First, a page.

Scientist of the Day - Thomas Mayo Brewer
Thomas Mayo Brewer, an American ornithologist, was born Nov. 21, 1814. Coming from a wealthy Boston family, and trained as a physician at Harvard, Brewer soon gave up medicine for birds, which became his lifetime passion. He became a friend of John James Audubon in the 1830s, when Audubon did not have a lot of friends, and sent Audubon descriptions and specimens, usually of birds but sometimes mammals, as they came to him. Audubon rewarded Brewer with several eponyms. Brewer had sent Audubon a collection of small rodents from New England, and one, a mole from Martha's Vineyard, turned out to be a new species. Audubon named it Parascalops breweri, Brewer's shrew mole, and illustrated it in Quadrupeds of North America (we show here the lithograph from the octavo edition (1849-54, second image).
In 1822, Audubon had shot a duck, unknown to naturalists, in Louisiana, and when he later described it in Birds of America, he said: “I have named this duck after my friend Thomas M. Brewer of Boston, as a mark of the estimation in which I hold him as an accomplished ornithologist." He called it Anas breweri, Brewer's duck, and we show here the illustration from the octavo edition (1840-44) that we have in our collections (first image).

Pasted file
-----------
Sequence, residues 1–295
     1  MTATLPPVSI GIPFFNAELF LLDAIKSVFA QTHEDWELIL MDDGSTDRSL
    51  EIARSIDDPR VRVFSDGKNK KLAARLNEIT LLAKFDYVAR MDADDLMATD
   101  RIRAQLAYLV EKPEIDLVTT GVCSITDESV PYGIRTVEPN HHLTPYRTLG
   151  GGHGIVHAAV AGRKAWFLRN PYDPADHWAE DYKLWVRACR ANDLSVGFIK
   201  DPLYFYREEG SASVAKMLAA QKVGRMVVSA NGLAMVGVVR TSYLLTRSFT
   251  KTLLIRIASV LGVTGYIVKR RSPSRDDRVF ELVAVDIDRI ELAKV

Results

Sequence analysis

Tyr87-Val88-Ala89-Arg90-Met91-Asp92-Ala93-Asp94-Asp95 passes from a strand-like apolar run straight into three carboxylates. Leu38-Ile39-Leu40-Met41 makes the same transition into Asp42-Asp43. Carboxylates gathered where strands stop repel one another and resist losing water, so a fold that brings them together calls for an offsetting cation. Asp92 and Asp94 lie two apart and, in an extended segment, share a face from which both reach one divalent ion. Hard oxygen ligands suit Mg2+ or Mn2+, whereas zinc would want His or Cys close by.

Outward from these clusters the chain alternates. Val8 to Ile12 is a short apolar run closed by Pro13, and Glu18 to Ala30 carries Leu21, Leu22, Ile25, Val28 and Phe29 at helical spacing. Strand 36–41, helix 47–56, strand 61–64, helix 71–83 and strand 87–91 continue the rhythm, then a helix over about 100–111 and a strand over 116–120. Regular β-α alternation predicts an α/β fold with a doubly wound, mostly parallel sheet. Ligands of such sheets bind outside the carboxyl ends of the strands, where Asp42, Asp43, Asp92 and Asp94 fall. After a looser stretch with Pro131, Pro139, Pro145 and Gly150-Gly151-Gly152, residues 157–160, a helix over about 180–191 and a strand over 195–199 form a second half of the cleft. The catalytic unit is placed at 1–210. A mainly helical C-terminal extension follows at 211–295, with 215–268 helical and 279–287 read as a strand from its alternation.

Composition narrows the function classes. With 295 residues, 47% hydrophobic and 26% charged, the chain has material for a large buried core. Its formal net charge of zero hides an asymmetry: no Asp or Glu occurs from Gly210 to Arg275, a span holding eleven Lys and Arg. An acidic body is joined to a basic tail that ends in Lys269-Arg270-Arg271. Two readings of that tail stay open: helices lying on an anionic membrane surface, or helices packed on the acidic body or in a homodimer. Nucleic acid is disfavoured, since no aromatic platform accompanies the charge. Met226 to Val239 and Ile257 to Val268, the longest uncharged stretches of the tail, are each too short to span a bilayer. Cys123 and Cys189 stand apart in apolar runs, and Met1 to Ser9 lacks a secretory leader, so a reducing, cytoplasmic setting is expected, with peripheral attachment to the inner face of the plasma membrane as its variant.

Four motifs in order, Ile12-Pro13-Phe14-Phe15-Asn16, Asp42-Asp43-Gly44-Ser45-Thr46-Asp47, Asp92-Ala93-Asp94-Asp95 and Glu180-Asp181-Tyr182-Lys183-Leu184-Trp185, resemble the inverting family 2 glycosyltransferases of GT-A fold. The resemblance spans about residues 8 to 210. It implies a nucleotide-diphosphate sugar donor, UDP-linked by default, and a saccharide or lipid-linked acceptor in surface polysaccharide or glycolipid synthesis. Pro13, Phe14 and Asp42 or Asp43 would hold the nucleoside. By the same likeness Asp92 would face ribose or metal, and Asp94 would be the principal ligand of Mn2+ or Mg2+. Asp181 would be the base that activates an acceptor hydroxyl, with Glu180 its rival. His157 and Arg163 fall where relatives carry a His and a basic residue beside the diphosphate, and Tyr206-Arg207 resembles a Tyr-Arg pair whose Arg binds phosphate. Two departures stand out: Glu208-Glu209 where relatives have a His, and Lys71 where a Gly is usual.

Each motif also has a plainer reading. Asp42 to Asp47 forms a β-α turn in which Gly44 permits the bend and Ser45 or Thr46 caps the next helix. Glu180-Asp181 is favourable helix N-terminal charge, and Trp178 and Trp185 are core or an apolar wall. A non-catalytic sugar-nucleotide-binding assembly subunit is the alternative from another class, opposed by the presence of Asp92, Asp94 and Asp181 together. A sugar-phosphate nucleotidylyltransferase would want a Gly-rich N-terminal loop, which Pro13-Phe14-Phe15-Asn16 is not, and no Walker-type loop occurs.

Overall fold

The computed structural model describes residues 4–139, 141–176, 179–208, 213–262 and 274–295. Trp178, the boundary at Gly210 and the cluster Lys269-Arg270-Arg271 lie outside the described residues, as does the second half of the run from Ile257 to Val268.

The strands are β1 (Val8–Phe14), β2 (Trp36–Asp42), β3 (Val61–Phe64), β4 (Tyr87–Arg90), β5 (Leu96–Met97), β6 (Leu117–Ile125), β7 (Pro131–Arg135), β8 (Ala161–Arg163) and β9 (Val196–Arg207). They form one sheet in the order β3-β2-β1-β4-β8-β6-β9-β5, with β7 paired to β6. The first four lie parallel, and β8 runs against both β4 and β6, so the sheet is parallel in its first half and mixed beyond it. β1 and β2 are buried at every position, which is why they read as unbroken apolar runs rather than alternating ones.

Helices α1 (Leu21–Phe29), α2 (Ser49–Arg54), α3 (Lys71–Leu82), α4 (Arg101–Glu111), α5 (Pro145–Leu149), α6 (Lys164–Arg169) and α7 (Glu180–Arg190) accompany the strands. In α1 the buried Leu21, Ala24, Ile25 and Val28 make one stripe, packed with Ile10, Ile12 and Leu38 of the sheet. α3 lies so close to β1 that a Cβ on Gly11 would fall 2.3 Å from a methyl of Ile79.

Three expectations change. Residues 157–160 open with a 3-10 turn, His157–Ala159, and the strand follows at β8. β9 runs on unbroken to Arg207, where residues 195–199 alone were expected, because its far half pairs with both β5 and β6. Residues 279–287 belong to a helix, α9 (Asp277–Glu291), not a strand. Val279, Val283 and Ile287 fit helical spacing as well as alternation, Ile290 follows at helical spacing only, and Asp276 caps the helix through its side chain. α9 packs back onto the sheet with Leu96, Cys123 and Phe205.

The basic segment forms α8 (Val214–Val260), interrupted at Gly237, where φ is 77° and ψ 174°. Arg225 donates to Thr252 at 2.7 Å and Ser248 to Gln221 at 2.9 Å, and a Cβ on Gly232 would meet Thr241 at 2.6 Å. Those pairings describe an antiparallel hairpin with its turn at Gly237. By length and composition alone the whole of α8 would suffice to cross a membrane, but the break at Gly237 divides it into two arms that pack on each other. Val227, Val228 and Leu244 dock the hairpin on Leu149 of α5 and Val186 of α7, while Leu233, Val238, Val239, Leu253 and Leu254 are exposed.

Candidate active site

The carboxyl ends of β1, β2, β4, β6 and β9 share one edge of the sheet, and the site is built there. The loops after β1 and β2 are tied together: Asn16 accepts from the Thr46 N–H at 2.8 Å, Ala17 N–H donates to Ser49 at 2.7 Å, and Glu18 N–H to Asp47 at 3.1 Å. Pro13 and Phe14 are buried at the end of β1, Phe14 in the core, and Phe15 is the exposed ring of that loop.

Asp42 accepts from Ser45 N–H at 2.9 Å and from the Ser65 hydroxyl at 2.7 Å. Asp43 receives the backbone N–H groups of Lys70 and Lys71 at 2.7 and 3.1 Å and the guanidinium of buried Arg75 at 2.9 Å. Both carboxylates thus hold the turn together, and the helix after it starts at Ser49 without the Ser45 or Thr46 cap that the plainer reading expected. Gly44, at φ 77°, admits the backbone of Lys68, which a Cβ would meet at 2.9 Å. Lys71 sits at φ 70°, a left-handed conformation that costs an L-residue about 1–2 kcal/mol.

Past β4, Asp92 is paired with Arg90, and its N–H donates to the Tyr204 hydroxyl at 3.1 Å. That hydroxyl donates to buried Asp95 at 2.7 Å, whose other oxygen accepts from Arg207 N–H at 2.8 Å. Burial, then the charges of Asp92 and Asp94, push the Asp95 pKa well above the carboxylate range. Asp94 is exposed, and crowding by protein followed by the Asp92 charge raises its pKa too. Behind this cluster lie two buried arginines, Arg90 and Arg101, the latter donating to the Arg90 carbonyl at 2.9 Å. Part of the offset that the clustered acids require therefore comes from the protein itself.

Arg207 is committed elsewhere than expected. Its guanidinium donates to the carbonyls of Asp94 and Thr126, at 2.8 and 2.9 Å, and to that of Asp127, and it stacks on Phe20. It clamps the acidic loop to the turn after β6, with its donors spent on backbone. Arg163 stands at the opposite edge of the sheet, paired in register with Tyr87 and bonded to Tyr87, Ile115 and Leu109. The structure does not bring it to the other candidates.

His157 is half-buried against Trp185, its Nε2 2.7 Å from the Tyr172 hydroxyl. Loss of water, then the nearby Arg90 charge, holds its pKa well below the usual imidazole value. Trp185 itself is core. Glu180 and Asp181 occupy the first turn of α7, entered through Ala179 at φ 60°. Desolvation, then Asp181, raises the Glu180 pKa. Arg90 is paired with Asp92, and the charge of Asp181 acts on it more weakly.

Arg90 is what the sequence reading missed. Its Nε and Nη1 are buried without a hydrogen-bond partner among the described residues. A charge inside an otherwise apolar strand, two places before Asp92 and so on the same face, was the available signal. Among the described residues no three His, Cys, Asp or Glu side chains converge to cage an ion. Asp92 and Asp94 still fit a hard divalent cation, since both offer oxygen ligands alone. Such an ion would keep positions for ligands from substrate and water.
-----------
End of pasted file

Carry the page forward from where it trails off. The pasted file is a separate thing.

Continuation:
Among professional ornithologists, Brewer is best known for his joint-authorship of A History of North American Birds (3 vols., 1874, third image), which he compiled with Spencer Baird and Robert Ridgway - the three were arguably the three best ornithologists in North America at the time. Baird said in the introduction that the technical descriptive matter was prepared by himself and Ridgway, but the accounts of the habits of all the species were "from the pen of Dr. Brewer." One of the birds described was the third of Brewer's eponymous creatures, Brewer's blackbird. One of the curious features of the History of North American Birds is that while there are frequent wood engravings in the text, the color plates at the end show exclusively heads. The plate shown here depicts blackbirds (fourth image). The third one on the left, the unremarkably plain black head, is Brewer's blackbird. The images were drawn by Ridgway and a collaborator.
Do the eponyms stop there? What about Brewer’s yeast? Brewer’s spruce? Brewer’s theorem? Brewer’s lupine? Brewer’s Dictionary of Phrase and Fable? Alas, our Brewer was unrelated to the other eponymous Brewers, who appear to be multifarious.
Dr. William B. Ashworth, Jr., Consultant for the History of Science, Linda Hall Library and Associate Professor, Department of History, University of Missouri-Kansas City. Comments or corrections are welcome; please direct to email@example.com.